Listed as “endangered” by the International Union for the Conservation of Nature (IUCN) and therefore protected, they have been vulnerable to human exploitation in the past for food.
Hunting and egg poaching have also affected their numbers.
The destruction of coral reefs, through climate change and construction, building on nesting sites and vulnerability to pollution and entanglement in fishing nets have all impacted turtle populations.
But according to a large-scale study by Monterey Bay Aquarium research scientist Sarah Becker and her colleagues, some populations were growing in number.
Previous land-based surveys of breeding and nesting sites have provided important evidence of population sizes, but have been “limited in scope” and lack “confirmation from the ocean where the turtles spend the vast majority of their time”, the authors wrote in the journal Plos One.
To study the density of the populations of green turtles and hawksbill turtles, which are both coral-dwelling species, they combined data from 13 years of in-water visual surveys of turtle abundance near 53 islands, atolls, and reefs throughout the US Pacific.
They hoped this would also enable them to understand further environmental and anthropogenic factors that have driven population trends.
During the surveys, a slow-moving boat towed pairs of divers at about 15 metres below the surface, where they recorded details of habitat and sea life as it came into view. In all, the surveys covered more than 7,300 linear kilometres and observed more than 3,400 turtles of the two species.
Survey data showed that American Samoa had the highest density of hawksbills, while the Pacific Remote Islands Area, a mostly uninhabited region about a thousand miles southwest of Hawaii, had the most green turtles.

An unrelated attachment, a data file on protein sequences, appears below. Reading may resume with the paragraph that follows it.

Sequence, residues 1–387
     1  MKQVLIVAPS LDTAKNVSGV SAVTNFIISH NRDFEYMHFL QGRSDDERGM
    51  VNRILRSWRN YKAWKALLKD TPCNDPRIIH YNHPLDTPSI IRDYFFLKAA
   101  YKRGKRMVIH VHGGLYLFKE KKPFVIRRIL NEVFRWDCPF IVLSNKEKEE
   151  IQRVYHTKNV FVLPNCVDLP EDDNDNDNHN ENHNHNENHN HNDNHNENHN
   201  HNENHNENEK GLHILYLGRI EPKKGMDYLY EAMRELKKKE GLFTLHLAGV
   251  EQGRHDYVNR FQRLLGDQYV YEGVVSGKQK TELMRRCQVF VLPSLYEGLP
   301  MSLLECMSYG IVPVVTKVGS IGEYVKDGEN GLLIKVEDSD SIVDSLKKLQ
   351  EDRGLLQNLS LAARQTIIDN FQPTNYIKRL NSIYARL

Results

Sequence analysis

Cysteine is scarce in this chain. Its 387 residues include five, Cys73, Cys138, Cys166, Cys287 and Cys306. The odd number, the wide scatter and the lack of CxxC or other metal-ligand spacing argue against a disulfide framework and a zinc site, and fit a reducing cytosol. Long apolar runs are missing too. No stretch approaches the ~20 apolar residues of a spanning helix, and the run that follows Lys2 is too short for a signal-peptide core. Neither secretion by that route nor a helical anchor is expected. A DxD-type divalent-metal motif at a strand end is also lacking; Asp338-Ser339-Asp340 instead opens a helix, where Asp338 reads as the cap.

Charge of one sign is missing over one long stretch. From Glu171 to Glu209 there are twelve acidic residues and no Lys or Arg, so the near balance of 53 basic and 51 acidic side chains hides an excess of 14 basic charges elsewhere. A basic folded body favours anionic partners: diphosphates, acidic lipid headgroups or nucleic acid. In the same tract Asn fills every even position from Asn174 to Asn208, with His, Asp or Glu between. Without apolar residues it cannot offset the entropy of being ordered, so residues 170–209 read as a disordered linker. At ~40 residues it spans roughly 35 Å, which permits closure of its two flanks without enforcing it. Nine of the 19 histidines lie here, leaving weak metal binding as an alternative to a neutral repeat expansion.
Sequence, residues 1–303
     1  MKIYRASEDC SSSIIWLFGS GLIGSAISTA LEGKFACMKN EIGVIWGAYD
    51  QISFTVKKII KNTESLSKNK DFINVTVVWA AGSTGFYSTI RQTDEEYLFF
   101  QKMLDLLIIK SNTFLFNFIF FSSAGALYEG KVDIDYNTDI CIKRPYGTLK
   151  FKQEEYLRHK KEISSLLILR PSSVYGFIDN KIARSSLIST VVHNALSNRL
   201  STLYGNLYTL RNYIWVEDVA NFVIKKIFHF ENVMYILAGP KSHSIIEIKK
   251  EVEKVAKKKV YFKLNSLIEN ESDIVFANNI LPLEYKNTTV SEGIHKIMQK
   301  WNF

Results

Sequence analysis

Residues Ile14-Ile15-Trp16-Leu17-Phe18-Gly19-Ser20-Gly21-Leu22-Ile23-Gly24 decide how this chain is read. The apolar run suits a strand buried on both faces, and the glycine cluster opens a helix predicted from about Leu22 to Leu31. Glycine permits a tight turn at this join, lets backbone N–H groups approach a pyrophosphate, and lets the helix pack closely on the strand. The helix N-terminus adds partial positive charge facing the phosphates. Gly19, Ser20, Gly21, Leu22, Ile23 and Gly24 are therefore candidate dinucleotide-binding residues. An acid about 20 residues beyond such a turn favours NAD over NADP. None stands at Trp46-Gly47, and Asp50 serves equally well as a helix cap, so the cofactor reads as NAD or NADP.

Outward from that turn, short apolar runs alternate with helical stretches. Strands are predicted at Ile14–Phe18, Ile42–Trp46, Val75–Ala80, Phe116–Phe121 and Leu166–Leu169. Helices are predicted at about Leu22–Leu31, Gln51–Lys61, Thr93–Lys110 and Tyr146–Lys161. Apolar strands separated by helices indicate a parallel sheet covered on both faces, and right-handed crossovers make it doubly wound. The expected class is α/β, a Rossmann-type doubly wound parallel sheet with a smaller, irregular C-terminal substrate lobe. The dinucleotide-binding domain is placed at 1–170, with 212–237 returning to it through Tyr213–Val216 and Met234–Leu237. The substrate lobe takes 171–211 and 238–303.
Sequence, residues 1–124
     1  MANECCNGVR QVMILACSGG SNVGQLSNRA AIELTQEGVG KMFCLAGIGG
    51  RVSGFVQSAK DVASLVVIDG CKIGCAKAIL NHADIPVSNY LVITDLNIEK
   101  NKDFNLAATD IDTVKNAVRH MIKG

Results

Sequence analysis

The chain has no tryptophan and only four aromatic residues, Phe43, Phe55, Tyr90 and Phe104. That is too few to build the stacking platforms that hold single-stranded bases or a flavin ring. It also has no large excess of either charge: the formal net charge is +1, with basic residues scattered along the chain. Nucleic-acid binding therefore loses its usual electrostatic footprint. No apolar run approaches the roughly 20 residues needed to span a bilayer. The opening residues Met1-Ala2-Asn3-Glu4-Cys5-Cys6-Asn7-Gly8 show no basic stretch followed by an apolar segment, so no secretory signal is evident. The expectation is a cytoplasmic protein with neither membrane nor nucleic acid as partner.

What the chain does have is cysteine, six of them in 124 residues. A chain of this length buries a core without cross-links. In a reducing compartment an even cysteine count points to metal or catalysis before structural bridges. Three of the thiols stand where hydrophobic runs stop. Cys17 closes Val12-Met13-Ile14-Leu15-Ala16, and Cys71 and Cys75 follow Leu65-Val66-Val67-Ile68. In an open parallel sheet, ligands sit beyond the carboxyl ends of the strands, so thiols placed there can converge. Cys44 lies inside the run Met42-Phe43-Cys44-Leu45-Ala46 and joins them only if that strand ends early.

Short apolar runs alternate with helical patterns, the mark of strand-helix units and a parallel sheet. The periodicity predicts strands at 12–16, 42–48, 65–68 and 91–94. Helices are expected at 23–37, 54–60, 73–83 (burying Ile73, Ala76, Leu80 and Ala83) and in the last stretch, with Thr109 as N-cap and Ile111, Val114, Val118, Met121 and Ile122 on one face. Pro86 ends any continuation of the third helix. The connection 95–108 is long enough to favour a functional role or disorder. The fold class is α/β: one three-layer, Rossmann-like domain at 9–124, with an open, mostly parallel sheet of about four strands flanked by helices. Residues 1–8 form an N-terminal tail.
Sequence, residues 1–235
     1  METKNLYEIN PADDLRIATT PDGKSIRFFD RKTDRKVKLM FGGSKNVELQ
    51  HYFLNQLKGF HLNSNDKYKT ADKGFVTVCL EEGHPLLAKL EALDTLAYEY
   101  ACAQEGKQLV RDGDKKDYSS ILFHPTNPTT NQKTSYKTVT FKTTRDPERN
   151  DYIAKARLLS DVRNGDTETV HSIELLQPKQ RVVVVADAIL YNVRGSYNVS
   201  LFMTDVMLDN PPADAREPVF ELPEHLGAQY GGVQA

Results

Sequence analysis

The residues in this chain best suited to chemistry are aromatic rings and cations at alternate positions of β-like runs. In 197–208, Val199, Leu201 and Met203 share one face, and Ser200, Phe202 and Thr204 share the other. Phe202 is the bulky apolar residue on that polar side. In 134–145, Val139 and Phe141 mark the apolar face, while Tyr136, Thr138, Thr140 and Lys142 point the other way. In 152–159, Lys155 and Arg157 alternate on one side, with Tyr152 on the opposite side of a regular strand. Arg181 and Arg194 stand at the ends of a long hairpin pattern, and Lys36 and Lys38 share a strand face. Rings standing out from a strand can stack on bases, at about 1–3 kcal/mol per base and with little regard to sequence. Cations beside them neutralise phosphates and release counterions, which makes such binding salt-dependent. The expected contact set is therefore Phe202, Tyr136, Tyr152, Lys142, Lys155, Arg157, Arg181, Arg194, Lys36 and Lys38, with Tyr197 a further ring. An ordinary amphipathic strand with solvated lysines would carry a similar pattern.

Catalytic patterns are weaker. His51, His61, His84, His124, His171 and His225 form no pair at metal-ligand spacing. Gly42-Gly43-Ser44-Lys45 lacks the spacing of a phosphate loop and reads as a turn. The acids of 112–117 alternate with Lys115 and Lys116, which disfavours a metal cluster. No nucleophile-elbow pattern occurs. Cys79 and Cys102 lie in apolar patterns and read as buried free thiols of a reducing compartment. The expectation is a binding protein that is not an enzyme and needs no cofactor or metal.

Hawksbill numbers were far lower (less than 10 per cent) than green turtle counts, indicating that many conservation threats still exist for this species.
The researchers said the data showed the density of green turtles was driven primarily by ocean temperatures and productivity, but also suggested effects from historical and present-day human impacts.
Over the survey period, green turtle populations were either stable or increased.
While this is welcome news, the authors noted that despite some protective measures beginning in the 1970s, “current populations are still at a fraction of historic levels”.
The lowest density but the highest annual population growth was found in the Hawaiian Islands, which the researchers said suggested protective regulations could be paying off in allowing green turtle populations to rebound.
Ms Becker said: “This study represents one of the largest sea turtle population surveys ever conducted, filling critical gaps on in-water abundance and drivers of population density. Across the tropical Pacific several locations held impressive densities of sea turtles, and in all regions densities were driven by bottom-up forces like ocean temperatures and productivity and top-down forces such as human impacts.”
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